Norwegian government to investigate sharp rise in meat prices

By Gerard O’Dwyer, in Helsinki

- Last updated on GMT

Norway has seen an sharp rise in the retail costs of red and white meat products
Norway has seen an sharp rise in the retail costs of red and white meat products

Related tags Meat Norway Government Beef Pork

The Norwegian government will decide in October whether or not to adopt new measures requiring meat manufacturers and retailers to be more transparent about their base production costs and pricing systems.

In late August, the government called in meat and other grocery sector organisations to explain the sharp rise in the retail cost of red and white meat products.

The country’s Ministry of Agriculture and Food used the talks to question the heads of food producer and retail organisations about the underlying reasons for the sharp increase in meat and grocery prices in June and July. The government’s economic model is tied to maintaining low level inflation. The ministry fears that escalating retail prices could inflame inflationary pressures and raise living costs.  

"Retailers argue they are being forced to raise prices because food producers are charging higher prices. Meat producers suggest that the real increase in the recent price surge is the fault of retailers. We need to examine the root causes more closely,"​ Sylvi Listhaug, Norway’s minister of agriculture and food, told a meeting of senior ministry officials in Oslo, on 29 August.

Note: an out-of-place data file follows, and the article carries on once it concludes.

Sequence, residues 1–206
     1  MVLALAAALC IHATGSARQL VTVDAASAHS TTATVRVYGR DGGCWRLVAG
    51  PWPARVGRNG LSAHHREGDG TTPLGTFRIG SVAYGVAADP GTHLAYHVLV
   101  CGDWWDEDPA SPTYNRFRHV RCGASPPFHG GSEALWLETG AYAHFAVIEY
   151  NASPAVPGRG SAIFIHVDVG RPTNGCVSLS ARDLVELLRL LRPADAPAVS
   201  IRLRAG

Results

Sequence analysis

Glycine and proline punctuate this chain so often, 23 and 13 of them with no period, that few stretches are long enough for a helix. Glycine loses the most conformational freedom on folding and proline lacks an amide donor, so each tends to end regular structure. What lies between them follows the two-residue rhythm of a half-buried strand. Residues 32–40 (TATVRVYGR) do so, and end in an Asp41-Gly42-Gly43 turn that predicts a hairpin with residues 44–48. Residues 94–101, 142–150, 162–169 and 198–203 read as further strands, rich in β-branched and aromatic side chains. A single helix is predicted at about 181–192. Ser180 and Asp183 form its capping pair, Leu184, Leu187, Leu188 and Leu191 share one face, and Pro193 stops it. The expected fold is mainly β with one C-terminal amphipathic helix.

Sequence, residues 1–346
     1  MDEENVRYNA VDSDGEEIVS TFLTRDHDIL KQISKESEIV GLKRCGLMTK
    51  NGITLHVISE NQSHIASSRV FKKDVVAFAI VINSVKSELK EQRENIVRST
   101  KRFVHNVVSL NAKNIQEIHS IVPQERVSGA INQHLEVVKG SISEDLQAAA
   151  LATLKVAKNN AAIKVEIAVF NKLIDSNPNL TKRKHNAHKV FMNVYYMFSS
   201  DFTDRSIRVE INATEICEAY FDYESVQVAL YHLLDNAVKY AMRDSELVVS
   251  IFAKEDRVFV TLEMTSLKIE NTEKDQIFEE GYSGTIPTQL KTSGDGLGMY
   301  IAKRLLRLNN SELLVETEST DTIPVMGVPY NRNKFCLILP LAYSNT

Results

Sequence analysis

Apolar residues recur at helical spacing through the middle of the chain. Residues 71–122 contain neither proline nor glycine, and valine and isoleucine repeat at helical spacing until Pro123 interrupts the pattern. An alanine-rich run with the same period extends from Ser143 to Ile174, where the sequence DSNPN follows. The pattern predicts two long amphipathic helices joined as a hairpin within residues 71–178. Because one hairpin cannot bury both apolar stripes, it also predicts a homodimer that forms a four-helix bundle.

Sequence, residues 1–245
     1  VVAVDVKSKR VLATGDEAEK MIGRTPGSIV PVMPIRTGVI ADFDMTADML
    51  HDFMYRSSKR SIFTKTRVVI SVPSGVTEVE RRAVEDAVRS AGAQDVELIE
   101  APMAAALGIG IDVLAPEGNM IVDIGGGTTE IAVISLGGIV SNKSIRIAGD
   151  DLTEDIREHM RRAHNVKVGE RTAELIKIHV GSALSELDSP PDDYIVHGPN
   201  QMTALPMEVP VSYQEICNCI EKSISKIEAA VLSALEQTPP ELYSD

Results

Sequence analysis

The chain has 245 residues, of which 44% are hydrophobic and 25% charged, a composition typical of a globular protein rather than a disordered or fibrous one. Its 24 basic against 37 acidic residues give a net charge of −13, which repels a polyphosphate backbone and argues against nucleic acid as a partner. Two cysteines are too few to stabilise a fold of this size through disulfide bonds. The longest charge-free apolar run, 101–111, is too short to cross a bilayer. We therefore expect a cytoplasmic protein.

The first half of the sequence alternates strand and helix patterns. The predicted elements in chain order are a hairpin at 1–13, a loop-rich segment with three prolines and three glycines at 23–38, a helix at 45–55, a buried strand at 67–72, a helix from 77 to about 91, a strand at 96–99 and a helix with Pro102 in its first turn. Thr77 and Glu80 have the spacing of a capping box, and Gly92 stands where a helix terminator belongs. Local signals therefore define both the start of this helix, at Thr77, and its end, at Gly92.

Food retailers are defending their pricing strategies, claiming that meat producers may be raising prices to compensate for falling consumer demand for certain types of meat, including beef and pork.

"The government used Statistics Norway figures as the basis for talks. These figures suggest retail prices jumped by 3.2% in June-July. We do not accept that. Our figures indicate a 1.1% increase. This largely relates to higher buying costs,"​ Tom Kristiansen, CEO of the grocery retail group Rema 1000 International told GlobalMeatNews.

The ministry has established an expert panel to review producer costs and retail prices. "A month-to-month increase of 3.2% represents the single biggest such rise since 1982. We have concrete examples of price increases in stores that are greater than what is warranted. We need to look deeper,"​ said Listhaug.

Officials from Kjøtt- og fjørfebransjens Landsforbund (KLF), Norway’s meat and poultry association, rejected the retail sector’s suggestion that its members were largely responsible for higher food costs.   

"We have no information from members indicating they have negotiated better price terms for meat sold to grocery chains that could produce such a significant price jump. Prices did increase in June and July due to the new agricultural agreement, but the increase could not explain the 3.2% increase at retail level,"​ the KLF’s CEO Bjørn-Ole Juul-Hansen told GlobalMeatNews.

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